Advanced search
Start date
(Reference retrieved automatically from Web of Science through information on FAPESP grant and its corresponding number as mentioned in the publication by the authors.)

Comparative impact of thermal and high isostatic pressure inactivation of gram-negative microorganisms on the endotoxic potential of reconstituted powder milk

Full text
Aires Machado, Karla Idelca [1] ; Roquetto, Aline Rissetti [2] ; Moura, Carolina Soares [2] ; Lopes, Aline de Souza [3] ; Cristianini, Marcelo [3] ; Amaya-Farfan, Jaime [2]
Total Authors: 6
[1] Fed Inst Educ Sci & Technol Piaui, Campus Urucui, Teresina, PI - Brazil
[2] Univ Estadual Campinas, Sch Food Engn, Food & Nutr Program, Campinas, SP - Brazil
[3] Univ Estadual Campinas, Sch Food Engn, Dept Food Technol, Campinas, SP - Brazil
Total Affiliations: 3
Document type: Journal article
Source: LWT-FOOD SCIENCE AND TECHNOLOGY; v. 106, p. 78-82, JUN 2019.
Web of Science Citations: 0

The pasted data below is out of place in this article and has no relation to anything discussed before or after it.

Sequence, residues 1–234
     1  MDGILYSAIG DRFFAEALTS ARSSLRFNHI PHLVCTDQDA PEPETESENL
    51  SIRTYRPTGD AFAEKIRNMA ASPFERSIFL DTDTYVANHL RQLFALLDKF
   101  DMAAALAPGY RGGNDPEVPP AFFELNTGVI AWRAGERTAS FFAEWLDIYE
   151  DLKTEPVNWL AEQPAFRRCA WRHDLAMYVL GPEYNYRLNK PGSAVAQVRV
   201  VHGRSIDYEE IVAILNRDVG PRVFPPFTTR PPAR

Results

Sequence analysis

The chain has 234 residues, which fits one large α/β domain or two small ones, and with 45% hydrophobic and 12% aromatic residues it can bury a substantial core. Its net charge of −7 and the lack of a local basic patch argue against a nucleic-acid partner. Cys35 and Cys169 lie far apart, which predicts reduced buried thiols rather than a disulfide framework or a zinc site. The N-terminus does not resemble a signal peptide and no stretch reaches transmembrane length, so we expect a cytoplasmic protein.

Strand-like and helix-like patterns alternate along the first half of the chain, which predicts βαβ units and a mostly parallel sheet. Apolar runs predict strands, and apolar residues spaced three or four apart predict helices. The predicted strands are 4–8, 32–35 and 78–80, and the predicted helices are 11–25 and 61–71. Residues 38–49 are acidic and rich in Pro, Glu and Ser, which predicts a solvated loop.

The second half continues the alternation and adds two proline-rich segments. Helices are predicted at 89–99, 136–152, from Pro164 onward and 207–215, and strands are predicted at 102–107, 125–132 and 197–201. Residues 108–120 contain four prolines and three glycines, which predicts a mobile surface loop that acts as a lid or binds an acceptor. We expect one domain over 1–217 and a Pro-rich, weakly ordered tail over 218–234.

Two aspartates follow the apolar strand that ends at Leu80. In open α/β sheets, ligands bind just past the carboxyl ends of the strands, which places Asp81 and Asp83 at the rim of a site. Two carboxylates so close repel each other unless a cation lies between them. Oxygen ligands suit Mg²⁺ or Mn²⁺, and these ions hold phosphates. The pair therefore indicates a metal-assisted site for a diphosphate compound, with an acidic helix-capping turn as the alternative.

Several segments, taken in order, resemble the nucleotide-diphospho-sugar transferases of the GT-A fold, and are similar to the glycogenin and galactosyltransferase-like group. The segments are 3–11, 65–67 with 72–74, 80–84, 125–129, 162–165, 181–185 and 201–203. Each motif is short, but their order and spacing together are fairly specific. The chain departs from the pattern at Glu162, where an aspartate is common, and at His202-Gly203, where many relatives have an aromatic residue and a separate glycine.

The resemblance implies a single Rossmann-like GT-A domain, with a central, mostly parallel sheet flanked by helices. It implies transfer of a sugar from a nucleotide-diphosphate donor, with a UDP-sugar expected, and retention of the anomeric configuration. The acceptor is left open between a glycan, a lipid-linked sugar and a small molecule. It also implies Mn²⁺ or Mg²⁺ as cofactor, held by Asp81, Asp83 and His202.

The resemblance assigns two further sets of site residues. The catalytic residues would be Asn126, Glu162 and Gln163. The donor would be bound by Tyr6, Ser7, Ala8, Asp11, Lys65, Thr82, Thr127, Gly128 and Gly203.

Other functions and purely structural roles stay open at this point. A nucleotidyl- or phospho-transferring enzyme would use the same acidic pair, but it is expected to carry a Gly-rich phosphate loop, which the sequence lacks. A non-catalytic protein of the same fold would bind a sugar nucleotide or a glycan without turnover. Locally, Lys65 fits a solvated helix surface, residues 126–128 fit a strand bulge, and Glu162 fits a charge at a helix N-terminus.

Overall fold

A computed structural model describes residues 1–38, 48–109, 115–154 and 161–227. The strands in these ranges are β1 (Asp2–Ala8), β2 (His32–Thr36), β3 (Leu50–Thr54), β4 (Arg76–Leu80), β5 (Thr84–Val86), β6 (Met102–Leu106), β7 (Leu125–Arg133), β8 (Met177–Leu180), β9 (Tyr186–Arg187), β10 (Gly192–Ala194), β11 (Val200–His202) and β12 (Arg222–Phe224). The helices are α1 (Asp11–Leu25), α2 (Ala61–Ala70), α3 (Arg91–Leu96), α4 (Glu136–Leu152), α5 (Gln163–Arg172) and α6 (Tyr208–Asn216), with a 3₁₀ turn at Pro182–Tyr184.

Foods are a primary source of exogenous microorganisms and chemical motifs thereof that act as endotoxins because they trigger systemic inflammation in the body. One of the main accomplishments of food processing has been to prevent spoilage and protect human health by killing pathogenic microorganisms, but secondary consequences compel us to give more importance to the presence of the toxic chemical motifs that remain behind because they can cause systemic inflammation. To test if the type of inactivation affects the amounts of remnants, the concentrations of such toxic compounds were measured after microbial inactivation by classical thermal treatment and high-pressure processing of cow's milk. Three gram-negative bacteria were individually inoculated in reconstituted powder milk: Escherichia coil ATCC 11229, Pseudomonas fluorescens IB 2312 and Enterobacter aerogenes ATCC 13048, and the endotoxic potential estimated by determining the levels of the toxic chemical motifs known as lipopolysaccharides (LPS). The results indicated that the inactivation of these three microorganisms in cow's milk by classical heat treatment or by high pressure have the general tendency to increase the amounts of LPS, but not to a great extent. Additionally, the increases appeared to be a combination of both the type of microbe and the process. (AU)

FAPESP's process: 17/16886-9 - Effect of whey protein intake on heat shock proteins (HSPs) and intestinal microbiot in obese rats induced by cafeteria diet
Grantee:Jaime Amaya Farfan
Support Opportunities: Regular Research Grants